COVID-19 school closures initially revealed more than 75% of children lacked access to critical digital learning opportunities. Three out of four were living in the poorest 40% of households. Digital learning is impossible without connectivity and electricity. However, in places like Chad, Malawi and Niger, the proportion of people with access to electricity is below 1 in 5. What efforts will ensure these children are not further left behind in future crises if schools are again closed? How much will universal access to digital learning cost? The answer is US$1.4 trillion.

This paper estimates the cost of universalizing digital learning by 2030, in alignment with the conceptual framework of the Reimagine Education initiative. It provides a rationale for cost assumptions; classifies costs into enabling digital learning and delivering digital learning; and, finally, discusses financing achievability by comparing the estimated costs with current spending in education and other sectors.

How much it will cost in your country? For a localized costing, download the National Guide Price Generator from the dropdown menu. 

How relaxing develops and affects well-being throughout childhood

How relaxing develops and affects well-being throughout childhood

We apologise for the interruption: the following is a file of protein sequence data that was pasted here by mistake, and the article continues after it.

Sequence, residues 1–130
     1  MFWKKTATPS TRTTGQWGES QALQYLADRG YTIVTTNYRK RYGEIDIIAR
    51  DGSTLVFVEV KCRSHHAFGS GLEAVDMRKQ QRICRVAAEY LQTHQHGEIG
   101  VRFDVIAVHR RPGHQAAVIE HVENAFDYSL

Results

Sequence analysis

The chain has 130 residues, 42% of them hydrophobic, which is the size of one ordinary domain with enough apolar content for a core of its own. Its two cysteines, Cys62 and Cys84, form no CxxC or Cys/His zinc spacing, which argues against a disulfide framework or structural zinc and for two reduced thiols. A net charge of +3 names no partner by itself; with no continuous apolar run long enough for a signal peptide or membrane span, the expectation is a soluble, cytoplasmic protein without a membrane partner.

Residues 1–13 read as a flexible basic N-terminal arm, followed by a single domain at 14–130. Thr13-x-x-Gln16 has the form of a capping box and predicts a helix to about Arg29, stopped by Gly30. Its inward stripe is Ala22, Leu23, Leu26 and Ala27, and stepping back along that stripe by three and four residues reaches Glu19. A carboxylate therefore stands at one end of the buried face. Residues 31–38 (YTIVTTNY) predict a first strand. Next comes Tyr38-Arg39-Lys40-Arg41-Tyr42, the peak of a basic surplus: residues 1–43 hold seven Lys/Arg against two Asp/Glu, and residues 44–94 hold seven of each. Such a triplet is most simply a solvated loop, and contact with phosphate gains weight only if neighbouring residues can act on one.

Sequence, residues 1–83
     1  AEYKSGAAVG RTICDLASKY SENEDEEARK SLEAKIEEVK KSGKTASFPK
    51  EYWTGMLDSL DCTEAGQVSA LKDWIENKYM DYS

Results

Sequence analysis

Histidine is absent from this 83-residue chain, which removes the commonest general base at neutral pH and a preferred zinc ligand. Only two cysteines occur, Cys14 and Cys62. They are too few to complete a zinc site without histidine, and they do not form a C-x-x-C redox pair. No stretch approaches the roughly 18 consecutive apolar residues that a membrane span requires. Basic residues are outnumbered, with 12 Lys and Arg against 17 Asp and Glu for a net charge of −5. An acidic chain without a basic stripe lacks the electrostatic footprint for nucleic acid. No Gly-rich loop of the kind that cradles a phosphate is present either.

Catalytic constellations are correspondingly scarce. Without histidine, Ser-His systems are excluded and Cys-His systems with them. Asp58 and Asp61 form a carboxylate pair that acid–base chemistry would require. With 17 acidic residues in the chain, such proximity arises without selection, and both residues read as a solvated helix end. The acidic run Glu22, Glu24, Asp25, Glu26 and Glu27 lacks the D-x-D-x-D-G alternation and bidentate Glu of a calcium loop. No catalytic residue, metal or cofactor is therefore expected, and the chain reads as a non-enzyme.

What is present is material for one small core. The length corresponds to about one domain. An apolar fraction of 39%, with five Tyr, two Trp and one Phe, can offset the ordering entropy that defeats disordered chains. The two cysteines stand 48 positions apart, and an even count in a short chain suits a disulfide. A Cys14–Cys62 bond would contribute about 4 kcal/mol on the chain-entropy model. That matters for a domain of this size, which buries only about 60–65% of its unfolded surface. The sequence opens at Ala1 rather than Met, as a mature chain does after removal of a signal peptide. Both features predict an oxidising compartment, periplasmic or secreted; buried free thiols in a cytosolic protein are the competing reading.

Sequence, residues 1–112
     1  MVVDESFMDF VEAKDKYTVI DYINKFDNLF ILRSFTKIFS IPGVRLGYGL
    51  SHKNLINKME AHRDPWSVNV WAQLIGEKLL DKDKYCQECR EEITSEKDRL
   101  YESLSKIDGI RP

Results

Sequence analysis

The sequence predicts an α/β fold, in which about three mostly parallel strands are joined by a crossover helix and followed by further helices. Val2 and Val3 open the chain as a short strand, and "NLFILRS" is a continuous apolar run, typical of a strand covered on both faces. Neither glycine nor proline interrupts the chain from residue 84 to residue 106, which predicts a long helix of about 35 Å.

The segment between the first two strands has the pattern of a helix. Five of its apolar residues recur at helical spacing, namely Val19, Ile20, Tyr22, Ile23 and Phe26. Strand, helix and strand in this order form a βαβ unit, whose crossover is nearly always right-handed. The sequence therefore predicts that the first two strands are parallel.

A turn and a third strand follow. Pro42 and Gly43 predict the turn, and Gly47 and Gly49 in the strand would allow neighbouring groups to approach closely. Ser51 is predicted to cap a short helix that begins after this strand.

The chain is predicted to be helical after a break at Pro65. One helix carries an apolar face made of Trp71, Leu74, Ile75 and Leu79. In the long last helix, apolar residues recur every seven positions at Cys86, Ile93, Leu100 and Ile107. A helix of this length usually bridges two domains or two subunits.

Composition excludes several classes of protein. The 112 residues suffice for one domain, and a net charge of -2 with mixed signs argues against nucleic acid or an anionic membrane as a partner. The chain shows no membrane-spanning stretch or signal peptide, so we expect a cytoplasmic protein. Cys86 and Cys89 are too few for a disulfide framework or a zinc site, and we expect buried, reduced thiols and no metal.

AUTHOR(S)
Sabbiana Cunsolo; Victor Cebotari; Dominic Richardson; Marloes Vrolijk

Published: 2021 Innocenti Working Papers

From a developmental perspective, skills or capacities, such as ‘relaxing’, are commonly considered necessary for children to achieve optimal development and reach their full
potential. From this perspective ‘relaxing’ can be considered a capacity that could help children to cope with emotional and behavioural problems and lower their levels of stress and anxiety.

To the best of our knowledge, this is the first attempt to map the existing evidence of cultivating ‘relaxing’ as a key core capacity with an explicit focus on children, and understand age-related development, links to wellbeing and other core capacities, and the levels and application of ‘relaxing’ among significant adults in children’s lives. These contributions will help inform real, positive and efficient changes in general policies and practices for child development.

Time to Teach: La fréquentation des enseignants et le temps d’enseignement dans les écoles primaires au Gabon

Time to Teach: La fréquentation des enseignants et le temps d’enseignement dans les écoles primaires au Gabon

Published: 2022 Innocenti Research Report

L'absentéisme des enseignants est un défi particulier affectant la qualité de l'éducation au Gabon. Des études antérieures suggèrent que les enseignants du primaire sont absents en moyenne 2 jours par mois, ce qui affecte directement les progrès éducatifs et l'apprentissage des enfants. Bien que le défi de l'absentéisme soit reconnu par les acteurs politiques nationaux comme l’un des problèmes les plus répandus dans le système éducatif du pays, les études sur les facteurs, les politiques et les pratiques qui influencent l’assiduité des enseignants au Gabon restent rares. La pandémie de COVID-19 ne fera qu'exacerber les défis existants. L'étude Time to Teach (TTT) vise à combler ce manque de connaissances et à renforcer la base de preuves sur les différents types d'assiduité des enseignants du primaire et les facteurs qui y contribuent.